Moussa Djenepo 2019/20 – scout report
The last few seasons have been a nightmare for Southampton. In 2017/18, they were only four points safe from playing in the Championship. Later that year, their board appointed Ralph Hasenhüttl to replace Mark Hughes as the Saints’ manager. The Austrian didn’t give an instant impact though, as he only succeeded to help Southampton finish just five points above the relegation zone.
Soton’s journey with Hasenhüttl improved a lot in 2019/20. If we look at the final Premier League table, they finished in 11th spot – just seven points from the European zone. That partly happened because of their successful summer recruitments. One of them was Moussa Djenepo, who arrived from Belgian side Standard Liege for a reported fee of £14 million. Without further ado, this tactical analysis will dig deep into the Malian’s role for his club.
Djenepo is a versatile winger who can play on both flanks. Not only that, but Hasenhüttl has even deployed him as a wing-back or an inside forward whenever Southampton played in a 3–4–2–1 system. Djenepo hasn’t been able to break into his team’s regular lineup, but he seems to efficiently use the chances given to him. If we look at the numbers, Djenepo has only played 925 minutes in the league last season. However, he was able to produce two goals and two assists from those limited minutes.
As a winger, Djenepo is gifted with quick feet and blazing pace. Those enable him to excel in one-versus-one duels against the Premier League’s elite full-backs. It doesn’t stop there. The 22-year-old’s explosiveness is also useful in Southampton’s aggressive defending tactics under Hasenhüttl. This scout report will examine further about his impact for the Saints.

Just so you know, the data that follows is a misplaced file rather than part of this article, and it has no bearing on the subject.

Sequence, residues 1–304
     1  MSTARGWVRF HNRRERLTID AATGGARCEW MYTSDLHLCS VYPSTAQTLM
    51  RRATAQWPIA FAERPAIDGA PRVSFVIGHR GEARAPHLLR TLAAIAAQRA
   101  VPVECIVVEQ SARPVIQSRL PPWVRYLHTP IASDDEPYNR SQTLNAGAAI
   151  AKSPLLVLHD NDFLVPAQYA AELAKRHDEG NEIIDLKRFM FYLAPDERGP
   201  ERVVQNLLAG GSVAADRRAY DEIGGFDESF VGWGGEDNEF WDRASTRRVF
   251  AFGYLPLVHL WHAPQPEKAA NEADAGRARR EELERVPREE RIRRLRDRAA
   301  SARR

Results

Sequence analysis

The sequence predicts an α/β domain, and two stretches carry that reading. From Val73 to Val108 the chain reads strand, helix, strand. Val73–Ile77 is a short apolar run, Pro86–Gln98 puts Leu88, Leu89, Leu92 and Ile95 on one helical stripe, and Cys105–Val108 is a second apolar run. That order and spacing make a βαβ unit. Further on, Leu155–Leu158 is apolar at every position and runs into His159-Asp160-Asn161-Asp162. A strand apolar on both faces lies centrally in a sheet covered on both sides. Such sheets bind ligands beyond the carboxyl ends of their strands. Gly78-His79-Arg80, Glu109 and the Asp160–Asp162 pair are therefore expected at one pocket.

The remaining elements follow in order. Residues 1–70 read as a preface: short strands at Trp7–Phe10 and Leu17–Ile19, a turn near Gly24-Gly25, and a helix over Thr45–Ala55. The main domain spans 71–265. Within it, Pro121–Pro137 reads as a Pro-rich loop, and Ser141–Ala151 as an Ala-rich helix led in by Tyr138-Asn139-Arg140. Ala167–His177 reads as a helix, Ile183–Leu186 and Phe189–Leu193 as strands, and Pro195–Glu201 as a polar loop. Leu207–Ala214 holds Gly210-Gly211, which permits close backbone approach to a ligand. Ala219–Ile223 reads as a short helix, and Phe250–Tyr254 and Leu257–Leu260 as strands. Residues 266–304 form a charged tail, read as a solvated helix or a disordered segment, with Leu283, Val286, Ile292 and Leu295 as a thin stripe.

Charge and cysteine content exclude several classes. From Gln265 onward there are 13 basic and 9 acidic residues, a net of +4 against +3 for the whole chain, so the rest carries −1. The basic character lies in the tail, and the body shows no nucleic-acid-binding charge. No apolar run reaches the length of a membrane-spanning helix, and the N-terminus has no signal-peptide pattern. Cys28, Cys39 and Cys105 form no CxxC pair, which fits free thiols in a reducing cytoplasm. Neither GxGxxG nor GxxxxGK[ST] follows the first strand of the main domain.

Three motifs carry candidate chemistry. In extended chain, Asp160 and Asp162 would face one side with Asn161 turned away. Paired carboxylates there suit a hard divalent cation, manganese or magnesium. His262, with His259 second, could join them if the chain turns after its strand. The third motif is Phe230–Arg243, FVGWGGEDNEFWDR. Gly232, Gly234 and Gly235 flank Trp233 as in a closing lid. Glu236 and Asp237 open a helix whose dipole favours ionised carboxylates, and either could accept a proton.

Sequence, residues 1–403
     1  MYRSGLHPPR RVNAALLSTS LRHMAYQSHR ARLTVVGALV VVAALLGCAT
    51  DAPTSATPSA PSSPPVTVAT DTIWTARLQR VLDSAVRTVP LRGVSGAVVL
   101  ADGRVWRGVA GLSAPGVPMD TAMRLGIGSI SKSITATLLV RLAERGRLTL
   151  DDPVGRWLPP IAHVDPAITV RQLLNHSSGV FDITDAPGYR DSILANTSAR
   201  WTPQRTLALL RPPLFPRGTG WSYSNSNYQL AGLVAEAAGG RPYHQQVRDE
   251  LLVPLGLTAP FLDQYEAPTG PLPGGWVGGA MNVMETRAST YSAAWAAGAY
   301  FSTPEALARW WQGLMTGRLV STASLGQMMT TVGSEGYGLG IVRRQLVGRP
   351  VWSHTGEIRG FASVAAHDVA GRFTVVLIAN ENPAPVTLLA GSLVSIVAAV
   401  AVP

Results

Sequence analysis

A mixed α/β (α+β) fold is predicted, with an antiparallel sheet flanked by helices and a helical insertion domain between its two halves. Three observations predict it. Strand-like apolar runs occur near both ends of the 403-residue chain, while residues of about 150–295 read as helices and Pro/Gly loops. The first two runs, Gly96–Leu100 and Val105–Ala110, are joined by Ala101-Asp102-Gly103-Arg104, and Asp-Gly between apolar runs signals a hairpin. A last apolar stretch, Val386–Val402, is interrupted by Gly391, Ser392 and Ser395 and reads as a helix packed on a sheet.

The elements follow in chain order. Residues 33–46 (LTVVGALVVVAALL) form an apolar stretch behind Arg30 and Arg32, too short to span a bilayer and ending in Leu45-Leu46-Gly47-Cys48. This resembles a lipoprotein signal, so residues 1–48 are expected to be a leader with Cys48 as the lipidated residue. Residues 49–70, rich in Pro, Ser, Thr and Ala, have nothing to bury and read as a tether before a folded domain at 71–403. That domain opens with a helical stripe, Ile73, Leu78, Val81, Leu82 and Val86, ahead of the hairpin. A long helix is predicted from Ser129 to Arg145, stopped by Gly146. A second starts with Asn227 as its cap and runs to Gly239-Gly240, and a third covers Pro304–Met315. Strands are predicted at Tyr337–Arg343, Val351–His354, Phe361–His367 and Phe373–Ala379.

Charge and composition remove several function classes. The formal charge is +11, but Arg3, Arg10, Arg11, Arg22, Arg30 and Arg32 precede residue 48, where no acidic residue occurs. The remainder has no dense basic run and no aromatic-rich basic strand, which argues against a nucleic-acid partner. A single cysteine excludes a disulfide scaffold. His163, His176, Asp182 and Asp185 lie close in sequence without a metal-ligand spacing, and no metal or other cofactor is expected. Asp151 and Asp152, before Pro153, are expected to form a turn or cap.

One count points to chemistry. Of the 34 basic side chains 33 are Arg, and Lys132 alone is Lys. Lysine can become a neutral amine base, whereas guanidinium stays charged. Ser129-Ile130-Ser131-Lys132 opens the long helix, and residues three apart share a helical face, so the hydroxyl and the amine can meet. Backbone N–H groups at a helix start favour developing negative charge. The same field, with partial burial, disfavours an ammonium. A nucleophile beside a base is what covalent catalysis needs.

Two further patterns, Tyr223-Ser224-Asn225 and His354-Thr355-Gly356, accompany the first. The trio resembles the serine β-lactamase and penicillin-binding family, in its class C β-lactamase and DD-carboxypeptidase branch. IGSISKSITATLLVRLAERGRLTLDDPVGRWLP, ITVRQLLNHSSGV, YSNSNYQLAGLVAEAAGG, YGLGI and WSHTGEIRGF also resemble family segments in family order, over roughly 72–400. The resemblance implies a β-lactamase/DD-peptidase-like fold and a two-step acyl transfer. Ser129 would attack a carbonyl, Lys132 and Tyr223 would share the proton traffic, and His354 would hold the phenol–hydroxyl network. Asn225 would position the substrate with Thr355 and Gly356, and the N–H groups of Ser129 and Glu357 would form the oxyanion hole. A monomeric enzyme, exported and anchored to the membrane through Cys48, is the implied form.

Hasenhüttl primarily instructed Southampton to attack conservatively. It means that they would try to play directly to their centre-forwards rather than taking unnecessary risks by building from the back. The statistics prove this, as Soton averaged about 67 long balls per league game in 2019/20.
In the direct approach, Djenepo mainly acts as a potential lay-off receiver. That’s because the task of winning aerial duels was given to Long, Danny Ings, and co. i.e. the strikers. To help win the second ball, Soton’s target man would get support by nearby teammates. Those include the ball-side winger (including Djenepo), his partnering attacker(s), and at least one of the central midfielders. After winning the ball, the Saints then will try to attack quickly through one flank before sending a cross into the box.
However, sometimes Soton also liked to play with more patience. They would try to spread the playing field as wide as possible whenever they enjoy possession. One thing that occurs mostly in Hasenhüttl’s attacking tactics is his reluctance to give his players a lot of freedom with their positionings. It means that the outfield players would stay in their designated areas instead of roaming freely to disrupt the opponents.
As a winger or a wing-back, Djenepo is tasked to play wide and hug the touchline. The objective behind that was to provide the width and stretch the opponents’ defensive line. However, when he plays as an attacker in the 3–4–2–1, Djenepo would tuck inside and play in close proximity to the centre-forward.
As mentioned in this analysis, Djenepo is blessed with a pair of quick feet. He would utilise this ability by starting from the touchline before driving into the box. By deliberately starting wide, it gives him ample time and space to engage with the defender before beating him.
One particular aspect that Djenepo likes to use is a sudden change of movement in the last second. It means that he would like to make a sharp turn when the defender is attempting to tackle. This particular tendency would most likely send his marker off-balance, allowing Djenepo to attack the opposite direction quickly.